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Flextime, Friday afternoons off among favorites
Surveys that Menlo Park, Calif.-based staffing service Office Team conducted in 2009 and 2012 make that desire clear. In the 2012 survey, 41 percent of workers cited flexible schedules as their favorite summer perk, while 28 percent preferred leaving work early on Fridays. Company events such as picnics were third, at 11 percent, and a relaxed dress code was favored by 5 percent. The poll surveyed nearly 450 employees ages 18 and older who worked in office environments.
“Summer is all about time,” commented Lindsey Pollak, a workplace trends expert at The Hartford insurance company. “Everybody appreciates time off.”
While extra time away from the office means different things to different people, in general, “Boomers tend to feel like they have to work for it, while Millennials tend to feel like they deserve it,” she observed. But organizations need to let employees know that flexibility doesn’t mean anything goes.
Especially during the summer, “A lot of people think that Friday afternoon is time off,” even if the organization has not authorized early departures, Pollak said. It’s important to restate the company’s time-off policies in the most relaxed season of the year. It can help, she added, to ask workers questions such as, “Could we give you this flextime in another way?”
Christine Rowe, SPHR, a regional vice president at staffing firm Robert Half who oversees Office Team, said interest in flexible scheduling continues to grow among U.S. workers. “Employers should consider flexible scheduling to avoid burnout,” Rowe suggested.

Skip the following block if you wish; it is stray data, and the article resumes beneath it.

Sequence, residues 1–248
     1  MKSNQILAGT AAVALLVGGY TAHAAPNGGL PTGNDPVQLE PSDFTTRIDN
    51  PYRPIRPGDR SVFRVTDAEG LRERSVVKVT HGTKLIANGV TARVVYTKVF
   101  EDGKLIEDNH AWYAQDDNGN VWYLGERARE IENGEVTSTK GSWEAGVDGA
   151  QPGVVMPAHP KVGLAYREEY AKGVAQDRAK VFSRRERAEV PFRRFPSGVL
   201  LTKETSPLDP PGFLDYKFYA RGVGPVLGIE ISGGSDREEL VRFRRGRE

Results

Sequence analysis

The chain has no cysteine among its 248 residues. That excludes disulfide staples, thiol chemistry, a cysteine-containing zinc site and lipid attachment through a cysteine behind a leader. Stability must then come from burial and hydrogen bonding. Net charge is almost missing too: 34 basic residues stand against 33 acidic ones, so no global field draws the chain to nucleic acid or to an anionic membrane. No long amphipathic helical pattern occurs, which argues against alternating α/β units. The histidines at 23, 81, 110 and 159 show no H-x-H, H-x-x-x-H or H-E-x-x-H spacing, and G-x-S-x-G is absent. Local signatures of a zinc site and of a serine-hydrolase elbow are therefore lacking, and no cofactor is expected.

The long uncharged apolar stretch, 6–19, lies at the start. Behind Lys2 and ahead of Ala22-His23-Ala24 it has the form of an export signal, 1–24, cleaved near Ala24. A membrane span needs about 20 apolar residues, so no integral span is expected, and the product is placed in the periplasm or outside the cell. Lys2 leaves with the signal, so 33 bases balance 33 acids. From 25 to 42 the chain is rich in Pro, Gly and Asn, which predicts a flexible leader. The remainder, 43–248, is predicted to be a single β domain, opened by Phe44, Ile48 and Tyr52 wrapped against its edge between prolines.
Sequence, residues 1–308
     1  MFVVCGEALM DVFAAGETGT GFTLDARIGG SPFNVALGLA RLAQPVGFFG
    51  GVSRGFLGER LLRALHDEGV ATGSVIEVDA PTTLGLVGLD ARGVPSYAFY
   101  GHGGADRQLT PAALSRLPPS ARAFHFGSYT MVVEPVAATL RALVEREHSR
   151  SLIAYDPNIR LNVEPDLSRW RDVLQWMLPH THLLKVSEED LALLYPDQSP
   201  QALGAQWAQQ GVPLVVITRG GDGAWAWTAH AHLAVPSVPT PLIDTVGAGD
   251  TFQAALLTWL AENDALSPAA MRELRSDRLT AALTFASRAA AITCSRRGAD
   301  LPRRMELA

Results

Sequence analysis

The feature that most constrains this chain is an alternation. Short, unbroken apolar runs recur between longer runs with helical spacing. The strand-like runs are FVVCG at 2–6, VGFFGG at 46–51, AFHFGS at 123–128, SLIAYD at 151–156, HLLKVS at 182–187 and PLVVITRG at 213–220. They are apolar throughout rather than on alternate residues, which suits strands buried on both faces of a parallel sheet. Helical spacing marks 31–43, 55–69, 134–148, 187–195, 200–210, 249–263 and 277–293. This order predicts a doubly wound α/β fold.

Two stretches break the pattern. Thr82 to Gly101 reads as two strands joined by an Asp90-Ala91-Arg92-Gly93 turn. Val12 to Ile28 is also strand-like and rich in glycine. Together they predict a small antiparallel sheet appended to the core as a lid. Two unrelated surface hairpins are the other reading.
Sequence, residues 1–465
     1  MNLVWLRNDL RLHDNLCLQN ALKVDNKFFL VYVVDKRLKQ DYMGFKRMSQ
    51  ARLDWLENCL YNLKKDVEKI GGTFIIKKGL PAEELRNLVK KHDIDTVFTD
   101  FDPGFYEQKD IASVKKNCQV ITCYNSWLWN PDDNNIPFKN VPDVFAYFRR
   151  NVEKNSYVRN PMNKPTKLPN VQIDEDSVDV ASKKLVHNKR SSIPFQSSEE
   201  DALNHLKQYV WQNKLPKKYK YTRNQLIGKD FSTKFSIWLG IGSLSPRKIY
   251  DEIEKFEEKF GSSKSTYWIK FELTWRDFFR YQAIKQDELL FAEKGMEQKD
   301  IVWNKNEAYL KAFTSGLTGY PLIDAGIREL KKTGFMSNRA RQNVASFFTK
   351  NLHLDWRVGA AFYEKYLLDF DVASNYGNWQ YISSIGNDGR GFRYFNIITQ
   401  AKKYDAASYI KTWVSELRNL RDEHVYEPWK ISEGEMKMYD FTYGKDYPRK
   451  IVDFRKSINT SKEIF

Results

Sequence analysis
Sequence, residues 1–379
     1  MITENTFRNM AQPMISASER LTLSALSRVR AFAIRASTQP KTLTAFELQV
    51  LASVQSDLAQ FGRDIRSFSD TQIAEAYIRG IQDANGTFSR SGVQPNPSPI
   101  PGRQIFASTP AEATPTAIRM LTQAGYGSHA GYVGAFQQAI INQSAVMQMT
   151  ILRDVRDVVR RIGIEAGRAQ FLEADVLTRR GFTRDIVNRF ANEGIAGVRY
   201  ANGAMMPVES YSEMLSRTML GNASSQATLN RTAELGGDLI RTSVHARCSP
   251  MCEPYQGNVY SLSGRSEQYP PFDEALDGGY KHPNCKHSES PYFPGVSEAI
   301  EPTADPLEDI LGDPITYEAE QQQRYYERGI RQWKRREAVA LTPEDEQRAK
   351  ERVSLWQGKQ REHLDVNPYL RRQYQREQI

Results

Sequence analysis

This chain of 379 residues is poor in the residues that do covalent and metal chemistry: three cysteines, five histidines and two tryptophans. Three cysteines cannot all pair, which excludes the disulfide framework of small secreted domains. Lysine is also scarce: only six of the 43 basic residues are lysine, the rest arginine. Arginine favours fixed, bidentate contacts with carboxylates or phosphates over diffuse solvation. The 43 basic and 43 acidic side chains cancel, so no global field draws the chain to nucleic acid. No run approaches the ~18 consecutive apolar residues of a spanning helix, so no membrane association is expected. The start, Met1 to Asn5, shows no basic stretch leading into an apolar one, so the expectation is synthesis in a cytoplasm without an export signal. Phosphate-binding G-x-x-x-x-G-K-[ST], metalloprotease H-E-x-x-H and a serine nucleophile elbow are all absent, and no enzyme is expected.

Perk Do’s and Don’tsCompanies have rolled out a variety of summer perks. “Beach days,” on which employees may wear flip-flops, shorts and T-shirts, can help lighten the workweek. Food is often a big hit, especially ice cream and other cold, sweet treats.
However, “You have to be careful about food,” warned Stacia Pierce, a career expert and CEO of Ultimate Lifestyle Enterprises in Orlando, Fla. “If you have pizza and ice cream for lunch, you might have a lot of sleepy employees in the afternoon.”
Moreover, treats heavy on calories and carbohydrates might not mesh well with company wellness initiatives or some employees’ dietary preferences.
“Look at what makes sense for your organization,” said Cheryl Kerrigan, director of success for software and services provider Achievers in Toronto. “What worked three years ago for your organization might not work now. … Pilot things. But don’t put a plan in place without taking the pulse of your organization.”
Community service is one summer perk that seems to be gaining in popularity, according to Catherine Hartmann, a principal at HR advice, product and service provider Mercer in Los Angeles. One of her clients sets aside one week a month during the summer for a “wear jeans to work” charity drive. Participating employees contribute $5 each to one of several selected charities in exchange for the right to don jeans for the office that week.
Pierce warned that “too many perks can be a distraction” if ice cream socials and the like interrupt work too often. And they “can lead to expectations that are not always met,” she said, noting that the perks might not be as fun as employees expected.
Certain hot-weather perks may be too risky or fail to interest a significant percentage of workers. In most companies “you’re not going to take your group rock climbing,” Hartmann said.
Experts stress that it’s important to send employees carefully crafted messages when seasonal perks end. Otherwise, some workers “might be a little resentful,” and their performance might suffer, Pierce said.Amanda Augustine, job-search expert for New York City-based online job-matching service TheLadders, said that at the end of the summer her company transitions to “other kinds of perks,” such as catered lunches.
No matter what the season, “You can have big, regular rewards, but keep those spontaneous things, as well,” she advised. “People like surprises.”
Steve Bates is a freelance writer based in the Washington, D.C., area and a former writer and editor for SHRM.
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